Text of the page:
Should Boca Juniors go on to clinch the Primera Division title within the next couple of weeks, their success would owe a lot to Guillermo Schelotto’s timely alteration of his system during the second half of the campaign.

The title triumph of Lanus last season further validated the notion that Argentina’s top flight is no longer under the control of its traditional powerhouses River Plate, Boca Juniors and Independiente.

Indeed, the beginning of this campaign felt more like a goodbye to some old values and faces as Agustín Orión departed following half a decade of being a reliable servant of the club.

With limited funds available, Schelotto’s business in the transfer market was bound to be kept at a low profile as the likes of Sebastián Pérez, Axel Werner, Ricardo Centurión and Fernando Tobio arrived on affordable loan deals.

Even though Boca were thriving in the Copa Argentina, the faulty aspects of the 4-3-2-1 system did some damage to their league form and the 1-0 defeat against champions Lanus, so early in the campaign, proved to be a worrying sign of things to come.

Following the sacking of Rodolfo Arruabarrena in spring 2016, his successor was expected to introduce a new brand of football which would not only be appealing to an unforgiving crowd but also deliver maximum points on a regular basis.

However, the rigors of the managerial role at La Bombonera was seemingly difficult to deal with for a relatively young coach like Schelotto who is still learning a thing or two about how to guide a team from the dug-out in a very demanding environment.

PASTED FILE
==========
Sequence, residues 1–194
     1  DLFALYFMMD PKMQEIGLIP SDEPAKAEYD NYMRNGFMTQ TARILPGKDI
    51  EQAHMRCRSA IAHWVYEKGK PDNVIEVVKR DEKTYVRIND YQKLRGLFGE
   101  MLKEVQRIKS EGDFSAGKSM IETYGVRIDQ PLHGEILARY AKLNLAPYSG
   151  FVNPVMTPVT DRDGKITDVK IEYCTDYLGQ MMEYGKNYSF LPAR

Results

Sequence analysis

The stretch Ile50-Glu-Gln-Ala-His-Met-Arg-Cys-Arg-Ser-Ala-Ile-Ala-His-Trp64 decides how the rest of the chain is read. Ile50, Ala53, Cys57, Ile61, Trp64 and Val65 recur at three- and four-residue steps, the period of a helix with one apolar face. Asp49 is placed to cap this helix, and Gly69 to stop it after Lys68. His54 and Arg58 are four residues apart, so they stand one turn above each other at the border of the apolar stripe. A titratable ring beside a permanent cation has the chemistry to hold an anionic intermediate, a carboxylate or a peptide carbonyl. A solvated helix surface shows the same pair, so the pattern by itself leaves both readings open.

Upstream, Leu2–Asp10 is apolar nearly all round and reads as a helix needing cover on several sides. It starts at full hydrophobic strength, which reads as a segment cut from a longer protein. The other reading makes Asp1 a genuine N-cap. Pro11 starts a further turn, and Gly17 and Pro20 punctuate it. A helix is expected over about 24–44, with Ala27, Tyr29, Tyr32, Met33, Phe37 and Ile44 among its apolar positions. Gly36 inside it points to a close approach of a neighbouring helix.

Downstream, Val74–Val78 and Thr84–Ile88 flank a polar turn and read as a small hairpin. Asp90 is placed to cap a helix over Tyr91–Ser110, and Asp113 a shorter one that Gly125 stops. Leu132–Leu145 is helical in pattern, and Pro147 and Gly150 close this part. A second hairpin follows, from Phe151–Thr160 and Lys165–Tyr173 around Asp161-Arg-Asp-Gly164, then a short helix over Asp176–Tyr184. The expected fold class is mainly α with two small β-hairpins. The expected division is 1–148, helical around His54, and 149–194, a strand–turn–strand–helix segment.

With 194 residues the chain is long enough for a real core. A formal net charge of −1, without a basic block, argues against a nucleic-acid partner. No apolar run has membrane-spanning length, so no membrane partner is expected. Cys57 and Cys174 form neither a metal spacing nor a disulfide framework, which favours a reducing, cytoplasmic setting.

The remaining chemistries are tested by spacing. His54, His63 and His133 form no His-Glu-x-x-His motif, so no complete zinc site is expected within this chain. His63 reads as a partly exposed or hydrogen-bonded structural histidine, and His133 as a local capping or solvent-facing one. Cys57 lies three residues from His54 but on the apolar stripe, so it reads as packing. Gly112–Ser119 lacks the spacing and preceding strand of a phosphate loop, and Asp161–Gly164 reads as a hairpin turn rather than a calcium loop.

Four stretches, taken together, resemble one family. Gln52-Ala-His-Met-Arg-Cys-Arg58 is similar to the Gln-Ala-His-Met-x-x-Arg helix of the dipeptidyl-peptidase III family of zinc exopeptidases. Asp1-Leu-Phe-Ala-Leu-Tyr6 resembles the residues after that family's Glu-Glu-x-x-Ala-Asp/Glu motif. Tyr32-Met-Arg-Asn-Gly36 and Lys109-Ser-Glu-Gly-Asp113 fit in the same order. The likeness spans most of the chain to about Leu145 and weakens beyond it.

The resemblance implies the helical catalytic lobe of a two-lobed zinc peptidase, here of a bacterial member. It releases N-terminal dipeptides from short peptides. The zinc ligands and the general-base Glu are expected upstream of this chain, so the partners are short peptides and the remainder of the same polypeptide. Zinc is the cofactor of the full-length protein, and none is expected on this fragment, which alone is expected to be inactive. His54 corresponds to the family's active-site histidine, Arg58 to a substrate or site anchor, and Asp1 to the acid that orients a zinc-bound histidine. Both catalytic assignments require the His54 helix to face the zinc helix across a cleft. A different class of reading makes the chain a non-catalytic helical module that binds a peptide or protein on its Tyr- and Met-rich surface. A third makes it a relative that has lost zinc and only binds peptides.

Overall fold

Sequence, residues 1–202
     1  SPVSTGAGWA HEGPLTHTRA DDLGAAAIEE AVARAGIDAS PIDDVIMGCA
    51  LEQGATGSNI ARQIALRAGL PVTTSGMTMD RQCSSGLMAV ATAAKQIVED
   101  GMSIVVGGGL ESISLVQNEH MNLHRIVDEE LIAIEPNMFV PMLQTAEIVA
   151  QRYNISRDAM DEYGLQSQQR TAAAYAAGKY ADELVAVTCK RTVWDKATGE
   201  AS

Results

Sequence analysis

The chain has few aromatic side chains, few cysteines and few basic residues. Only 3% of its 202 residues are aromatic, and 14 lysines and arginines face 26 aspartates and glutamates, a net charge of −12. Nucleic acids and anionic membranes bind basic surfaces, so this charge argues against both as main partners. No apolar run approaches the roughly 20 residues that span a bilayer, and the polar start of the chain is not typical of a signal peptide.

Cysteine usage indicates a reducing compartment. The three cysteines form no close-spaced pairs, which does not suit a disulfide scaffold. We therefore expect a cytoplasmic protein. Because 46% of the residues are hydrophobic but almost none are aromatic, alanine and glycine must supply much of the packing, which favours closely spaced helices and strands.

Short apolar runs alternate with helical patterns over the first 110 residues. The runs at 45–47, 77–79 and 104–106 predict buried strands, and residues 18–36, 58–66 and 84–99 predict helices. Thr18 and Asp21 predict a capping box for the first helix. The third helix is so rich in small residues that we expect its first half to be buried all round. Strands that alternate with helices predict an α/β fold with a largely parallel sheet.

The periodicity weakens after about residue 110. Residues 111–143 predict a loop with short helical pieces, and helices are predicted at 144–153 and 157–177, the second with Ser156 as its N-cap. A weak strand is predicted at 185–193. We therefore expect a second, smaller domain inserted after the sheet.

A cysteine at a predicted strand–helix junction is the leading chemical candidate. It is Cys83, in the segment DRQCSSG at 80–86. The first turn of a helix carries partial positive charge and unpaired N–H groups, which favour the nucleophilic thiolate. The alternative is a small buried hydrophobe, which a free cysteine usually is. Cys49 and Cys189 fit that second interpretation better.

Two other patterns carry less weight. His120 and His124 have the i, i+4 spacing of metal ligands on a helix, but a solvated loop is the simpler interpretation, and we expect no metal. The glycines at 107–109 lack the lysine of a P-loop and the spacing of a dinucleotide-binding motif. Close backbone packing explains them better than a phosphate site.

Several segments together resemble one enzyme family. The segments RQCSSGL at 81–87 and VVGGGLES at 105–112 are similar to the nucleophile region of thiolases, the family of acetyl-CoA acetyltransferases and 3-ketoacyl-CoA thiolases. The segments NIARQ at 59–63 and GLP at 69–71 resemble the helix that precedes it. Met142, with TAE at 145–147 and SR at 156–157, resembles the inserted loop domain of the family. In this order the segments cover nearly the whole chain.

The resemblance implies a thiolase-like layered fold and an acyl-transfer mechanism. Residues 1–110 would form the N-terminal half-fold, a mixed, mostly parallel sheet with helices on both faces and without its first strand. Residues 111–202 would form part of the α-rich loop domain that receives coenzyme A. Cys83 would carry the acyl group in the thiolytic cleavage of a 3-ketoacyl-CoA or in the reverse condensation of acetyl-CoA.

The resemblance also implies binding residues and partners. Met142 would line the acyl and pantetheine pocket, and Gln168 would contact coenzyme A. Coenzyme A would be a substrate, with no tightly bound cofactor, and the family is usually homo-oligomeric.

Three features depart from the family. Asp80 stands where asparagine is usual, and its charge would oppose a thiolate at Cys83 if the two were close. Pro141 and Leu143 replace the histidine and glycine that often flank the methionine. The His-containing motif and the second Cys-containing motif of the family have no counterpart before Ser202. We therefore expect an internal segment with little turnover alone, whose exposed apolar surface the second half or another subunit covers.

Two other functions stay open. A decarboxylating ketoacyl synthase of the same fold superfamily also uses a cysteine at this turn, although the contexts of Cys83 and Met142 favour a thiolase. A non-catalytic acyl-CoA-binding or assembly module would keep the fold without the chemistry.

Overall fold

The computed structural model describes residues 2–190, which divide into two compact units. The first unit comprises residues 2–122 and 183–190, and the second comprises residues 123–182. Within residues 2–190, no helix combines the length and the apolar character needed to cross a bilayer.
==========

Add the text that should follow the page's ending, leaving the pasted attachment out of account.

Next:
Judging by the frustrating figures cut by star forwards Darío Benedetto and Cristian Pavón as Los Xeneizes bowed out of the cup to Rosario Central, a change felt imminent and indeed, that change soon arrived with a devastating impact.

A new 3-4-3 system has helped Schelotto figure out the best use of each player in his attacking unit and Boca have now managed to win 13 of their last 16 domestic games as a result.

In midfield, Fernando Gago and Pablo Perez are no longer shackled as they were in the old system and the emphatic 3-0 victory over Independiente a fortnight summarized how far the team has come.

With River Plate still only four points behind in second place, Boca cannot afford to count their chickens before they hatch.

However, there is no doubt that the tactical flexibility of Schelotto has been rewarded with results which have drastically improved the state of the club in comparison to where they stood 12 months ago.

Samuel SchubertPost
Should Boca Juniors go on to clinch the Primera Division title within the next couple of weeks, their success would owe a lot to Guillermo Schelotto's timely alteration of his system during the second half of the campaign. The title triumph of Lanus last season further validated the notion that...